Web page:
Flags to be lowered Friday in memory of Neil Armstrong - | WBTV Charlotte

Flags to be lowered Friday in memory of Neil Armstrong

Neil Armstrong, the first man to walk on the moon, will be laid to rest Friday at a private ceremony in Cincinnati, Ohio. 

Arguably one of the most well-known names in U.S. space exploration, Armstrong shunned publicity for decades are commanding the historic Apollo 11 mission in July 1969. Many Americans have fond memories of him and how his achievements affected the nation. There aren't many people who haven't heard the phrase "one small step for man, one giant leap for mankind".

In tribute to Neil Armstrong, all United States flags will fly at half staff Friday, August 31. President Obama issued the Presidential proclamation August 27. The next day, North Carolina's Governor Bev Perdue followed suit and declared all North Carolina flags should also fly at half staff Friday.

Armstrong died Saturday, August 25, at the age of 82. His family announced his death from complications of a heart-bypass surgery he underwent just a few weeks prior.

The family's statement described him as a "reluctant American hero who always believed in doing his job," but "never lost his boyhood wonder" of his pursuits.

They also called him a loving husband, father, grandfather, brother and friend.

"While we mourn the loss of a very good man, we also celebrate his remarkable life and hope that it serves as an example to young people around the world, to work hard to make their dreams come true, to be willing to explore and push the limits and to selflessly serve a cause greater than themselves," the family said.

"For those who may ask what they can do to honor Neil, we have a simple request. Honor his example of service, accomplishment and modesty, and the next time you walk outside on a clear night and see the moon smiling down at you, think of Neil Armstrong and give him a wink."

The first man on the moon devoted his life to discovery and service. He served as a test pilot and naval aviator, however, he is most remembered for his role as a pioneer of the National Aeronautics and Space Administration. As one of the first NASA astronauts, he paved the way for military and civilian space exploration.

From gliders to rockets, Armstrong piloted more than 200 different types aircraft.

During his work with NASA, he devoted much of his research to developing high-speed flight, including the X-15 aircraft, which recorded a record-setting top speed of 4,520 miles per hour.
But the spirit of Armstrong's work ethic can be summed up in a statement that is lesser known but just as powerful:

"I believe that every human has a finite number of heartbeats, and I don't intend to waste any of mine," Armstrong was quoted.

Armstrong received many awards throughout his career, including the Presidential Medal of Freedom, which is the highest civilian award in the United States. He was also one of the first recipients of the Congressional Space Medal of Honor.

His honors, however, extended far beyond the borders of the United States.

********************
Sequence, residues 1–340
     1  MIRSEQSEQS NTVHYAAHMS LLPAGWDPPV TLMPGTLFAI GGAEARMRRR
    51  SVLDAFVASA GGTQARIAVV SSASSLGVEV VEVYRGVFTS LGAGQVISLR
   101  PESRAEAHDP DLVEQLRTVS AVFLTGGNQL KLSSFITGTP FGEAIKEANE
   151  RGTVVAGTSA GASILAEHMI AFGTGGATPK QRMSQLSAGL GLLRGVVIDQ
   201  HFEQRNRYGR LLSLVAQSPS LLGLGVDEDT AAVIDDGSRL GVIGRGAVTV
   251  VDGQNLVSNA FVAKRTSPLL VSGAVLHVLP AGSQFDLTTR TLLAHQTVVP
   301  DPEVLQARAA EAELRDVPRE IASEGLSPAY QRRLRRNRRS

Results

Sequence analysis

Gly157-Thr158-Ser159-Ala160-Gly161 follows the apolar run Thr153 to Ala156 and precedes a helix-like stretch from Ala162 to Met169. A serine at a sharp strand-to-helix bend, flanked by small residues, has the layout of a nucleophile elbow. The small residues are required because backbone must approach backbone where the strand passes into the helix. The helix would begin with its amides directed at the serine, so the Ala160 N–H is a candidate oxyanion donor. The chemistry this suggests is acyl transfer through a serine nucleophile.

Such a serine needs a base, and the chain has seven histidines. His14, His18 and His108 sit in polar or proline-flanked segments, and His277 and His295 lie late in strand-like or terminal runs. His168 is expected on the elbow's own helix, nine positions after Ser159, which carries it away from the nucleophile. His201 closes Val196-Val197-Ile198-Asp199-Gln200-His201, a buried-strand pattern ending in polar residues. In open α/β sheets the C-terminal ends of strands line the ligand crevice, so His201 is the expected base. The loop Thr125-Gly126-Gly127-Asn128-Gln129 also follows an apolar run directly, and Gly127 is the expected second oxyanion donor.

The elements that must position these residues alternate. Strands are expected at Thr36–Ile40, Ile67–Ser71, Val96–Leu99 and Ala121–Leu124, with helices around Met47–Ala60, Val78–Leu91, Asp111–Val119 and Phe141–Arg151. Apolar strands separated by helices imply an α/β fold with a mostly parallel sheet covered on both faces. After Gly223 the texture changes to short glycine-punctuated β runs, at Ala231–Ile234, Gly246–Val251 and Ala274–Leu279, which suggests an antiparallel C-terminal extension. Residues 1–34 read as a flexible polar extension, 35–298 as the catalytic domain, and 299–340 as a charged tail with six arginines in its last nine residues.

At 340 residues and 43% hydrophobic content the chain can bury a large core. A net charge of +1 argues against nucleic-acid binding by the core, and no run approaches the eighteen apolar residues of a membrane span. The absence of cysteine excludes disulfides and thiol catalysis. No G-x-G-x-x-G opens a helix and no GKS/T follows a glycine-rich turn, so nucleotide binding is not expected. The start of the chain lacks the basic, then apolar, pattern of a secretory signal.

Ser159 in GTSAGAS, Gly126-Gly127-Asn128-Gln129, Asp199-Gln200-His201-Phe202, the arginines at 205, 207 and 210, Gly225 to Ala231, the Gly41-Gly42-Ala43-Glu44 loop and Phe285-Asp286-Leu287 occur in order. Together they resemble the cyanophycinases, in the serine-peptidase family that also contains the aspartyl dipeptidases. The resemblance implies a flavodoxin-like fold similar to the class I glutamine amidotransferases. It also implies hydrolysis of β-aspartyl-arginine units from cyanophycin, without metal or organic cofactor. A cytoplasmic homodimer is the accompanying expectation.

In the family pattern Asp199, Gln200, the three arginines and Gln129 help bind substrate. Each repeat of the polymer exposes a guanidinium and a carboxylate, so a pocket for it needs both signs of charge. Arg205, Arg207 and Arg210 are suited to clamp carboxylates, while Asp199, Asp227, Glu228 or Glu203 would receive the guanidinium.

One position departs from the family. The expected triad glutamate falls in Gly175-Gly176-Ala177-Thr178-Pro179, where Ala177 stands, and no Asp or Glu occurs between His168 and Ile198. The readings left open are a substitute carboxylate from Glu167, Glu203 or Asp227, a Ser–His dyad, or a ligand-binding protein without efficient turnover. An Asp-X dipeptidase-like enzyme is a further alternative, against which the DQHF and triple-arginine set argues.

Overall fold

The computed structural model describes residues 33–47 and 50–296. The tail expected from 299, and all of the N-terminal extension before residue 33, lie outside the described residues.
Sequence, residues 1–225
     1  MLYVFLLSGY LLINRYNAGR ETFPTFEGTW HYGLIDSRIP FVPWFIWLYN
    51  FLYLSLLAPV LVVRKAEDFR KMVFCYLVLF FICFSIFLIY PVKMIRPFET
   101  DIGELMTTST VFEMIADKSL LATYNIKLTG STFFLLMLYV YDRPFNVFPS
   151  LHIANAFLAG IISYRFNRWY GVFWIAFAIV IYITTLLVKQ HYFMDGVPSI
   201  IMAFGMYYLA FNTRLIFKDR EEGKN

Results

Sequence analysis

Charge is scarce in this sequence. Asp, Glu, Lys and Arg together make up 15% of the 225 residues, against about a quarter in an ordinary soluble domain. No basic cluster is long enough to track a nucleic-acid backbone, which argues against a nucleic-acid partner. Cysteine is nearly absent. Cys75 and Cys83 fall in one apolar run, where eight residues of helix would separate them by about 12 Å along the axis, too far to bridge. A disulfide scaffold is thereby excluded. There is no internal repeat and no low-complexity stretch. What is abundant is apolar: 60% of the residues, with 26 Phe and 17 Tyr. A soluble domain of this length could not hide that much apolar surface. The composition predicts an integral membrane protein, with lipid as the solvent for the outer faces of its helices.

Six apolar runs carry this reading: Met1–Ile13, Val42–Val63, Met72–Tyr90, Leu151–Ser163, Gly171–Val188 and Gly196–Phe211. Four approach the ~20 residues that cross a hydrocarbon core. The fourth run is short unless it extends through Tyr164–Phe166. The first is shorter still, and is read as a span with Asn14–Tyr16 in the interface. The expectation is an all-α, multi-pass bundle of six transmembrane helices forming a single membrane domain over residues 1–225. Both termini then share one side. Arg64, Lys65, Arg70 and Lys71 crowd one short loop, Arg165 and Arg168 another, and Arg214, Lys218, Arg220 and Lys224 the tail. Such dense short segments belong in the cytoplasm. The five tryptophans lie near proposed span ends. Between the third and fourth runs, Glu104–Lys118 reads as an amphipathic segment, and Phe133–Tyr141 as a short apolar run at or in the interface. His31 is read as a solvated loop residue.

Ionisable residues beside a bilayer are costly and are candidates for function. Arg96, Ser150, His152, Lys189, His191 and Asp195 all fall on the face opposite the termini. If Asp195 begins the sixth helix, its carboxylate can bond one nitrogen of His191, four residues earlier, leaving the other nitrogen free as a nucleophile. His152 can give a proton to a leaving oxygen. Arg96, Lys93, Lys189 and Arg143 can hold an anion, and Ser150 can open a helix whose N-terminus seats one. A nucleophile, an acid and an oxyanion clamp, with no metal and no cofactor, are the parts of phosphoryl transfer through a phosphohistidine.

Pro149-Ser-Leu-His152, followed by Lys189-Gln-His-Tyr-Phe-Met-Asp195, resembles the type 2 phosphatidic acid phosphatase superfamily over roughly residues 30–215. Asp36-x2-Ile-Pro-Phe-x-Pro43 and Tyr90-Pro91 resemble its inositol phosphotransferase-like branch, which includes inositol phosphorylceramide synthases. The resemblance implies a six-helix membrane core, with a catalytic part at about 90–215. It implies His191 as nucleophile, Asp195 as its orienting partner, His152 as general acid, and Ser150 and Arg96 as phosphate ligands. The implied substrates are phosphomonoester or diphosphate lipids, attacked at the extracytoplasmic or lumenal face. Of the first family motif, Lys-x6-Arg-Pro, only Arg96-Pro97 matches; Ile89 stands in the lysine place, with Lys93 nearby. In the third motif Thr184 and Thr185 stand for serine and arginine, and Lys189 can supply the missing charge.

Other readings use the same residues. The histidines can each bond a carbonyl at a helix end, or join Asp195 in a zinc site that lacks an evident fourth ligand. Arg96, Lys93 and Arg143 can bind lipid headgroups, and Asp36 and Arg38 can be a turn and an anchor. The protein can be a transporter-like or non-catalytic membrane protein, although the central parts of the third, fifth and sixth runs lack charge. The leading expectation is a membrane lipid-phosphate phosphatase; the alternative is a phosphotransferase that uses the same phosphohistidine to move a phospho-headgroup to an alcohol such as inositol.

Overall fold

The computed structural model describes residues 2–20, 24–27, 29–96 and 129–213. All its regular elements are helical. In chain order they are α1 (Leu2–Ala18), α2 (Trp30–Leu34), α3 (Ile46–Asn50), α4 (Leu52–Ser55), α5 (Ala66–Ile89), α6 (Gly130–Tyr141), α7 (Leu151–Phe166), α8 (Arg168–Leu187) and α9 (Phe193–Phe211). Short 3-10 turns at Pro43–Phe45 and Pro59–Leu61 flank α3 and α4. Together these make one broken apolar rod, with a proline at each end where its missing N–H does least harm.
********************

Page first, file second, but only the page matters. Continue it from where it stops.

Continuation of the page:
As the first man to step on the surface of an extraterrestrial body, the lunar crater that Armstrong's mission, Apollo 11, landed near is named in his honor. At the time of his death, he had received honors from 17 different countries for his aviation research and development.

Neil Allen Armstrong was born on August 5, 1930 in Wapakoneta, OH.

After graduating from Purdue University with a degree in aeronautical engineering and receiving a master's degree in aerospace engineering from the University of Southern California, Armstrong joined the armed services.

In 1949, he began serving as a naval aviator. However, in 1952 he began a career as a test pilot. It was then that he was selected to become a member of the astronaut corps with the newly formed NASA.

His first space flight came in 1966 when he served as a crew member aboard Gemini 8. The mission was the first time two space vehicles docked together.

Three years later, Armstrong became the commander of the famed Apollo 11 mission. Armstrong, along with his partner Buzz Aldrin, went down in history as being the first men to touch down on the surface of the moon.
After being the first man to walk on the surface of the moon, he explored its surface for 2.5 hours.

Armstrong left NASA soon after in 1971. He accepted a faculty position at the University of Cincinnati to teach aerospace engineering.

After retiring from the university in 1979, Armstrong assumed a position on the National Commission on Space in1985 and served for two years. Afterward, he investigated the space shuttle Challenger explosion.

Armstrong fell out of the public eye toward the end of his life, living silently in Ohio with his wife, Carol Held Knight.

Armstrong had three children with his first wife, Janet Shearon. He is survived by his two sons, Eric and Mark. His daughter, Karen, died of pneumonia in 1962.

You can read the Armstrong family statement here. NASA also released a statement, which you can find here. More reaction to Armstrong's death here. There is also a 'blue moon' on the same day as Armstrong's service...you can read about it here.

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